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Brexit: What are the implications of the UK leaving the EU?

Brexit: What are the implications of the UK leaving the EU

After months of negotiations, the United Kingdom and European Union finally agreed to a deal so the next phase of Brexit came into effect at 23.00GMT on 31 December 2021.

For those confused if the UK had not already left the EU. Yes It has. The UK voted to leave the EU in 2016 and officially left the trading bloc – it’s nearest and biggest trading partner – on 31 January 2020.

But it was agreed by both sides that many things remain the same until 31 December 2020, to allow enough time to agree to the terms of a new trade deal.

The complex negotiation finally culminated in an agreement on 24 December.

What changes on 1 January?

The deal contains new rules for how the UK and EU will live, work and trade together.

While the UK was in the EU, companies could buy and sell goods across EU borders without paying taxes and there were no limits on the number of things which could be traded.

Under the terms of the deal, that won’t change on 1 January, but both sides had to agree to some shared rules and standards on workers’ rights, as well as many social and environmental regulations.

The Brexit Deal

  • In 2021, UK nationals will need a visa if they want to stay in the EU more than 90 days in a 180-day period.
  • Northern Ireland will continue to follow many of the EU’s rules in order to avoid a hardening of its border with the Republic of Ireland. This will mean however that new checks will be introduced on goods entering Northern Ireland from the rest of the UK.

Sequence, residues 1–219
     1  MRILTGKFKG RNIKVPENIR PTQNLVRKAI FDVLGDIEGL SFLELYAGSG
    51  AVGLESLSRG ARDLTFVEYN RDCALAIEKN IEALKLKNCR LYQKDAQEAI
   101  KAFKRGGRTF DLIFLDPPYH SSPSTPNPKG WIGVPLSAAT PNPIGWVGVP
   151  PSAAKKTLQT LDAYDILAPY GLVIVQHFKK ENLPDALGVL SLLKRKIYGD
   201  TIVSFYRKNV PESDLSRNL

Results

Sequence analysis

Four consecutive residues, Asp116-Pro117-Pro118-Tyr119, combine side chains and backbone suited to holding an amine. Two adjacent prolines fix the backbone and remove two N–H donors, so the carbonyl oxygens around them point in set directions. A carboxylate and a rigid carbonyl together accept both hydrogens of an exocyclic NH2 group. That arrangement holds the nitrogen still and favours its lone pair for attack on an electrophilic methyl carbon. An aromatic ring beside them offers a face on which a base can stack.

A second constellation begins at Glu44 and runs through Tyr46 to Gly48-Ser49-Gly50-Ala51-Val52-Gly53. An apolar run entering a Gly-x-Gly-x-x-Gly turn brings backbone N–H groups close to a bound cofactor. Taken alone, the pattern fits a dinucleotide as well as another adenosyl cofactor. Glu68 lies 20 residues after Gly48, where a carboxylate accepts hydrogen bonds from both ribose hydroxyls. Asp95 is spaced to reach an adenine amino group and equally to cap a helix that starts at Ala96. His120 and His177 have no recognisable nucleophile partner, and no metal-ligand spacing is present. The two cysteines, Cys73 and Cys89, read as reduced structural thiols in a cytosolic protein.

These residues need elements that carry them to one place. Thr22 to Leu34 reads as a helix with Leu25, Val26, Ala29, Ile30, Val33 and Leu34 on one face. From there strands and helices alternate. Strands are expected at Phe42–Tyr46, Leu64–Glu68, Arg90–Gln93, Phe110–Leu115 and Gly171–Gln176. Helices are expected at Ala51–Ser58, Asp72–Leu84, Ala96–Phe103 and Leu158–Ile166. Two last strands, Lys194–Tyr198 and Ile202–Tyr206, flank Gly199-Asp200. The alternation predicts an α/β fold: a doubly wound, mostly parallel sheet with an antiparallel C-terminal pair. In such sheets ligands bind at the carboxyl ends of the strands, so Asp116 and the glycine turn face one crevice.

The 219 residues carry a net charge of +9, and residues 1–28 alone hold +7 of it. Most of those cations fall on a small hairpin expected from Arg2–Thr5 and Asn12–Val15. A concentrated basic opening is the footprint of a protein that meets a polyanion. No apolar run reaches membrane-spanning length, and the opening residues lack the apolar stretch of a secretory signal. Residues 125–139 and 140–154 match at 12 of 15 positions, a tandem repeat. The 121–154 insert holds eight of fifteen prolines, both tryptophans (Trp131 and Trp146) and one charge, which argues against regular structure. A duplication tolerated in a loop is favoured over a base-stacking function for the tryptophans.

• Now that it’s no longer in the EU, the UK is free to set its own trade policy and can negotiate deals with other countries. Talks are being held with the US, Australia and New Zealand – countries that currently don’t have free trade deals with the EU.

What about the borders?

There will be new paperwork, and the potential for it to cause delays is a serious concern.

The UK says it will delay making most checks for six months, to allow people to get used to the new system, but the EU will be checking paperwork and carrying out checks from day one.

So is Brexit finally done?

That will be a no. Decisions are still to be made on data sharing and on financial services, and the agreement on fishing only lasts five years.

Also while the UK and EU have agreed to some identical rules now, they don’t have to be identical in the future, and if one side takes exception to the changes, they can trigger a dispute, which could ultimately lead to tariffs (charges on imports) being imposed on some goods in the future.


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